2. Peer-to-peer lending platforms connect borrowers with individual investors willing to lend money. Borrowers may find competitive interest rates and flexible terms through peer-to-peer lending, depending on their creditworthiness. Peer-to-peer lending may offer an alternative to traditional mortgage financing for certain borrowers.

  3. Some retirement plans, such as 401(k)s, allow participants to borrow against their account balance for various purposes, including home purchases or renovations. 401(k) loans typically have lower interest rates compared to other credit products and may not require a credit check. Borrowers must repay the loan according to the plan's terms or face penalties and taxes.

  4. A bridge loan is a short-term loan used to bridge the gap between the purchase of a new home and the sale of an existing property. Higher interest rates and fees compared to traditional mortgages, typically repaid within a few months to a year and secured by the borrower's existing home. Provides temporary financing for homebuyers facing timing challenges, such as contingent offers or overlapping mortgage payments.

Editorial Opinion

Residential mortgages serve as a fundamental tool for many individuals and families to achieve homeownership, providing access to housing and fostering financial stability. While they offer the opportunity to spread the cost of a property over time and build equity, they also come with considerations such as interest expenses, down payment requirements, and the risk of foreclosure. Ultimately, the decision to pursue a residential mortgage should be carefully weighed against individual financial circumstances and long-term goals, recognizing both the benefits and potential challenges associated with homeownership through mortgage financing.


Keeping your Debt-to-Income (DTI) ratio below 30-40% of your monthly income is crucial. This will help you avoid potential financial problems in the future. Additionally, always assess the necessity and feasibility of taking a loan, ensuring you can comfortably manage its repayment.

How to Choose a Mortage Lender

  1. Check Associations. Look for lenders who are members of reputable organizations, such as the Mortgage Bankers Association (MBA). Membership in these organizations can indicate a higher level of reliability and professionalism.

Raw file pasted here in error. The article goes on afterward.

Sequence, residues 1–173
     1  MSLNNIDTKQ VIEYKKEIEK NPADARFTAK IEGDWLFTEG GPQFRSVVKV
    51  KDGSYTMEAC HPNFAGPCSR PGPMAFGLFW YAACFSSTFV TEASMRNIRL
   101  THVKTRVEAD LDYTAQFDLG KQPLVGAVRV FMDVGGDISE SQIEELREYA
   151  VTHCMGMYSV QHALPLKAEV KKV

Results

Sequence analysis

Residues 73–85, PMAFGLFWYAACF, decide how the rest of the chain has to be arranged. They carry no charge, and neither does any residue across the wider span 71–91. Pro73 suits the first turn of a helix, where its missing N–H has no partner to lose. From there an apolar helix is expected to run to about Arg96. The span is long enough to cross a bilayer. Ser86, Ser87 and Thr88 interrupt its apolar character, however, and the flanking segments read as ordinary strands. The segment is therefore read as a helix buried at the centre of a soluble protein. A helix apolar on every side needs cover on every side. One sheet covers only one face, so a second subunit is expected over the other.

2. Review Terms and Conditions. Carefully examine all the terms and conditions of the mortgage contract. Pay special attention to details like the loan term, fixed vs. variable interest rates, and any prepayment penalties.

  3. Interest Rates and Costs. Scrutinize the interest rates and ensure that your contract includes a detailed breakdown of the total cost of the mortgage, including closing costs, origination fees, and any other charges.

  4. Right of Rescission. Remember you can utilize your right of rescission, which typically allows you to cancel the mortgage within three days after signing the agreement. Additionally, use the "cooling-off" period to thoroughly review the contract and make an informed decision before finalizing the mortgage agreement.

  5. Compare Offers. Shop around and compare offers from multiple lenders to find the best rates and terms that suit your financial situation.

Additional resources


Are mortgage brokers better than banks?

Determining whether mortgage brokers are superior to banks or vice versa depends on various factors, including individual preferences, financial circumstances, and the complexity of the mortgage process. Mortgage brokers act as intermediaries between borrowers and multiple lenders, offering access to a range of loan products from various financial institutions. They can provide personalized guidance and help borrowers navigate the mortgage landscape, potentially securing competitive interest rates and terms. Conversely, banks offer mortgages directly to customers and may provide convenience and familiarity for those who already have banking relationships. Both options have their merits, and the choice between them often boils down to the borrower's priorities and comfort level with the mortgage process.

What are the 4 types of mortgage loans?

There are four primary types of mortgage loans commonly available to borrowers: conventional loans, jumbo loans, government-insured loans, and fixed-rate mortgages. Conventional loans are not backed by the government and typically have stricter qualification criteria, whereas jumbo loans exceed the conforming loan limits set by government-sponsored entities. Government-insured loans, including FHA, VA, and USDA loans, are backed by federal agencies and often feature more flexible eligibility requirements and lower down payment options. Fixed-rate mortgages maintain a constant interest rate throughout the loan term, providing stability and predictability for borrowers.

What is the most common residential mortgage?

Among the various types of mortgage loan loan options, the most common residential mortgage is the conventional fixed-rate mortgage. This mortgage type offers borrowers a consistent interest rate and monthly payment over the entire loan term, typically ranging from 15 to 30 years. Conventional fixed-rate mortgages are popular due to their simplicity and reliability, making them suitable for borrowers seeking long-term stability in their housing expenses. While other mortgage options may offer benefits such as lower down payments or adjustable interest rates, the conventional fixed-rate mortgage remains a staple choice for many homebuyers seeking peace of mind and financial predictability.